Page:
Race morning I found myself alone because Jeremy “The Saint” was up early with the kids headed to Tayllor’s All-star softball team tournament and they had to be to the fields by 7am. It was nice having a quiet house to compile my thoughts, make sure everything was accounted for and focus on just me. It was kind of sad though knowing that my support crew was not going to be somewhere out there cheering me on. I had my race plan and was going to experiment again with my bike because I got a new Bontrager Aeolus 9.0 rear wheel with a power tap a couple of weeks ago. I had started to collect some data and I hoped to apply to this race. I have never trained or raced with a power tap other than a couple of rides over the past couple of years on a CompuTrainer with the Boise Aeros at Rob’s House of Pain, but nothing for over a year. The power tap is in my hub so I don’t have anything on my training wheels so the data I collected was pretty limited but I thought it would at least help me maintain my effort so I could have fresher legs for the run. With limited run time over the last couple of weeks I knew I would need them as fresh as I can get to have a shot.  Unfortunately I was only able to collect a minimal amount of data which was convoluted with stops and starts at intersections. Still, I was confident I would maintain a predetermined watt but then settled on a lower number to save the legs for the run. This would prove to be a big mistake, I have told my athlete's a thousands times, your stregth is still your strength even on your worst day. In hind sight I should have thrown down the hammer and never looked back. It killed my competive spririt to merely ride in my "safe" zone. I love to ride right on the edge. I should have rode my self into first and let them chase me, some call it "smart" racing.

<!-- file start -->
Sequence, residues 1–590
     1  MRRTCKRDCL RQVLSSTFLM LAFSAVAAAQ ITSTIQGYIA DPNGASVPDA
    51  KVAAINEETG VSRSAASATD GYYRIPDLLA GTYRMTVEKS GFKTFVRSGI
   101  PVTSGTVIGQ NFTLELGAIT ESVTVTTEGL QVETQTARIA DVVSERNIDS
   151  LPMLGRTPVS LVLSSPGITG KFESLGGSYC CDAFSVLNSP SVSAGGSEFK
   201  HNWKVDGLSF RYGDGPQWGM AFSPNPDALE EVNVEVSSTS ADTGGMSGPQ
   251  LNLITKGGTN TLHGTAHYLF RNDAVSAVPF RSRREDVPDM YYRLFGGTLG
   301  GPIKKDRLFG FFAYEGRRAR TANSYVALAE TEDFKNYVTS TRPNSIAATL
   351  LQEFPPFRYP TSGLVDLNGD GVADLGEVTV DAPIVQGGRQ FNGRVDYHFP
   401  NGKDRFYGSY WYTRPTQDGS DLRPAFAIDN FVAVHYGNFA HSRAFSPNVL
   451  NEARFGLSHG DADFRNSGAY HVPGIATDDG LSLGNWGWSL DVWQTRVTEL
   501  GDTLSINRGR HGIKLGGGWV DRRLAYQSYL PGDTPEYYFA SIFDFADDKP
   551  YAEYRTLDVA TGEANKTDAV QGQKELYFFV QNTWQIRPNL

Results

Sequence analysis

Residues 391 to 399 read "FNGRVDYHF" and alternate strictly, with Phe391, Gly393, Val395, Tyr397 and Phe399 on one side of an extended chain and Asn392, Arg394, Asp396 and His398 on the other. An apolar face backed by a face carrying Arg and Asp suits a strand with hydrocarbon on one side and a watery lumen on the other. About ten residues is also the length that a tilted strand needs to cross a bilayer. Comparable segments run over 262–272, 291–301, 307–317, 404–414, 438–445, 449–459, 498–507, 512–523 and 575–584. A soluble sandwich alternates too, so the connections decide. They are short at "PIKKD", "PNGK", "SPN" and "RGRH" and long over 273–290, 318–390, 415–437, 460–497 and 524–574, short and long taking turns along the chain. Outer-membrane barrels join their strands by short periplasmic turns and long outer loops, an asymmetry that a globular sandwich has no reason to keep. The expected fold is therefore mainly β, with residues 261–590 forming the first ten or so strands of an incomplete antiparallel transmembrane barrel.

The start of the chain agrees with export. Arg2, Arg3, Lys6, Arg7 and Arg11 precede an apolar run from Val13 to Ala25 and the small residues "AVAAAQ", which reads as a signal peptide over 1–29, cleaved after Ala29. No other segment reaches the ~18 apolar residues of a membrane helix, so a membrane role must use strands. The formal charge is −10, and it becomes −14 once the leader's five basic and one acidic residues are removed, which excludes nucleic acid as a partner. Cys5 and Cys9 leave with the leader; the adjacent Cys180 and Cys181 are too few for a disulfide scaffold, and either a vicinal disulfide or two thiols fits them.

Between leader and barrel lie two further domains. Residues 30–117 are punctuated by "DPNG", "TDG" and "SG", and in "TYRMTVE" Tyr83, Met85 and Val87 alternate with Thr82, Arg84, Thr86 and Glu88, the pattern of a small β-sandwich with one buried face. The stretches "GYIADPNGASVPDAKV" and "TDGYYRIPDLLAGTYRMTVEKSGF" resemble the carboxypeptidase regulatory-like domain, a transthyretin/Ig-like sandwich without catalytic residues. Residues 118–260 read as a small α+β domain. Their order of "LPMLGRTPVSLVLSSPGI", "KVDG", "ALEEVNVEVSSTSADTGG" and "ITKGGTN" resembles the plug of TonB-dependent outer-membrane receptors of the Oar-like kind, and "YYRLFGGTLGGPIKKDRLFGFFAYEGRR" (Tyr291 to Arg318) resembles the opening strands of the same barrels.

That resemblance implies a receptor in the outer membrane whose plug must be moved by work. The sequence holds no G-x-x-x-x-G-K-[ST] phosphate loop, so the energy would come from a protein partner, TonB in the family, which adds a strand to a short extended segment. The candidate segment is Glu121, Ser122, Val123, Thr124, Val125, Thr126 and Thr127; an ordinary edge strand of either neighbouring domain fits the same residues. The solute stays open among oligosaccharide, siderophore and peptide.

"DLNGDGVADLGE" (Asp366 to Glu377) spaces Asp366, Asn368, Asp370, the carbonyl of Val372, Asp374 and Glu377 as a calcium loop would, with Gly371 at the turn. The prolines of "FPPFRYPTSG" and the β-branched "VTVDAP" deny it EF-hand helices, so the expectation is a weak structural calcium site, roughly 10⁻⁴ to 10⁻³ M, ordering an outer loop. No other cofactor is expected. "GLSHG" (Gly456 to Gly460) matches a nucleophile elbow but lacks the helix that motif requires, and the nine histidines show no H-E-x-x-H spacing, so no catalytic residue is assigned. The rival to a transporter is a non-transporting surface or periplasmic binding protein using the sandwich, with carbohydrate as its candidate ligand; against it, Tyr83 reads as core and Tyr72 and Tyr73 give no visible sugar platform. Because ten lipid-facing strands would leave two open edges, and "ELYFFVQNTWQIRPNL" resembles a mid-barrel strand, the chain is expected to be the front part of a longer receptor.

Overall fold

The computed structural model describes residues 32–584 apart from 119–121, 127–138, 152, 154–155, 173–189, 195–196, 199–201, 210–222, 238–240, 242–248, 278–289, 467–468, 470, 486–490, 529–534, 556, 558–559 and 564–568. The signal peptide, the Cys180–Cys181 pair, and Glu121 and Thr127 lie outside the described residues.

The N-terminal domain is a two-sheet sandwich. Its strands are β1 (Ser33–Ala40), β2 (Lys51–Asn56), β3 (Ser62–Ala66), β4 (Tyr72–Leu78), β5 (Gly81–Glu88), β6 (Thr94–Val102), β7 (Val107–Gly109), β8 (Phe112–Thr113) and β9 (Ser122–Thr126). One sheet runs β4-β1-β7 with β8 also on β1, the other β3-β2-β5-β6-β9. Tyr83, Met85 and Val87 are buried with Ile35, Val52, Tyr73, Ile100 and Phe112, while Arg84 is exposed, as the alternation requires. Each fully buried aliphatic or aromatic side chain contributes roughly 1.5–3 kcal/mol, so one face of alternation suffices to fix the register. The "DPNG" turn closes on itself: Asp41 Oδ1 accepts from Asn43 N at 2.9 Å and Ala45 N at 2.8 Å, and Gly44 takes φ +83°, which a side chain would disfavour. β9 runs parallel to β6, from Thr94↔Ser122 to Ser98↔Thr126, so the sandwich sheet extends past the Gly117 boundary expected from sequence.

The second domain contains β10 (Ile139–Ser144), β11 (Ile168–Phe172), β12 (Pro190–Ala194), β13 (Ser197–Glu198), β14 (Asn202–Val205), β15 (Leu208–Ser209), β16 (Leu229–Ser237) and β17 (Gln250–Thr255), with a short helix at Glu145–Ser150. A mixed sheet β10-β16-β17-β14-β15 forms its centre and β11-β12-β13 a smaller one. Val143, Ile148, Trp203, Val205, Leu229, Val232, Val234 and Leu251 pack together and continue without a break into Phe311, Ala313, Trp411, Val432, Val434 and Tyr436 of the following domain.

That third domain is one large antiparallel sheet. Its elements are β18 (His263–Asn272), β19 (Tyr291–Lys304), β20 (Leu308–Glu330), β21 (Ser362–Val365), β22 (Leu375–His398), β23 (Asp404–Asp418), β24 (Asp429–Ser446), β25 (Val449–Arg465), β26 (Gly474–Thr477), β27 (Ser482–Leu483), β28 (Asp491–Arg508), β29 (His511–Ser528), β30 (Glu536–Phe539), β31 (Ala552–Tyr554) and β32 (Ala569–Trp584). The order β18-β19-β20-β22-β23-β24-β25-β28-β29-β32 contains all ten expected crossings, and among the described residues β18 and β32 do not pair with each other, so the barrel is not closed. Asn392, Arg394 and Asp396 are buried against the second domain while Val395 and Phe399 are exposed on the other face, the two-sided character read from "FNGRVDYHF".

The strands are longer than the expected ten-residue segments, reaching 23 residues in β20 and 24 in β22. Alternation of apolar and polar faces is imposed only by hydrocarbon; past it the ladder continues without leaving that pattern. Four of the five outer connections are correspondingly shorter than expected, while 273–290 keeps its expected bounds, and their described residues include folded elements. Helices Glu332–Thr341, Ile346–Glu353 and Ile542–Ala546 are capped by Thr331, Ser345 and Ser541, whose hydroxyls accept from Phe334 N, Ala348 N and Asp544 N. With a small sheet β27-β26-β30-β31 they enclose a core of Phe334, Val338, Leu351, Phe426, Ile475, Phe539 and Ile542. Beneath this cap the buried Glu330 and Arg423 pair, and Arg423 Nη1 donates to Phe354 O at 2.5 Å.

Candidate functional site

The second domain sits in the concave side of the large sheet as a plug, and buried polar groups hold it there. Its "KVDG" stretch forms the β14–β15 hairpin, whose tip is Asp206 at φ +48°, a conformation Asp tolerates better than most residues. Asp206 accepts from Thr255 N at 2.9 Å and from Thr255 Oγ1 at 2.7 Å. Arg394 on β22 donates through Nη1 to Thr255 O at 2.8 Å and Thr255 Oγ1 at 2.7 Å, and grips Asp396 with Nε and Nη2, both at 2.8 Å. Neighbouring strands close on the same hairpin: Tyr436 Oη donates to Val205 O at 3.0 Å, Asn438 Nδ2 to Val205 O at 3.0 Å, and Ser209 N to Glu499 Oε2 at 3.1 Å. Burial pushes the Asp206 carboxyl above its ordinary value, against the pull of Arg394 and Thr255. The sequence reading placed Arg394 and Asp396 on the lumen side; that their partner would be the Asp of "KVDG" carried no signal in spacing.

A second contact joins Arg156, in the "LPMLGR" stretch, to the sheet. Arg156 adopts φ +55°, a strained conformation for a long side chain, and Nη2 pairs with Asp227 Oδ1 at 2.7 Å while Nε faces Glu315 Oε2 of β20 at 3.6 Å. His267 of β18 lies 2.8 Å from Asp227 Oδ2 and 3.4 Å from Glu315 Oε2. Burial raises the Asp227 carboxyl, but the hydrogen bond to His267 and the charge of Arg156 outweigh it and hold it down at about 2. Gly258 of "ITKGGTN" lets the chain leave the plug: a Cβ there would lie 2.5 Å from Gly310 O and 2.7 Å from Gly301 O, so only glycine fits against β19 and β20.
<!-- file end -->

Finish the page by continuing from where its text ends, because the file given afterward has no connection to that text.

It was a beautiful day for racing with almost no wind and overcast skies; bummer no wind that is our only equalizer on this flat course.  The forecast for the day was a high in the mid-70s, mostly cloudy skies and a chance for a late day thunderstorm; now if only that water somehow warmed to about 60 degrees. I really wanted the wind, I feel like the Boise course is so flat and the "hills" that we have are not really hills either. They are far apart and you can fully recover between them. Not a challenging course which caters to more but is sad to me. We live in a really dynamic area with beutiful riding, but instead the course takes you through the industial park,  a trailer park, gravel pits, oh and don't forget the beautiful sage brush fields...boring.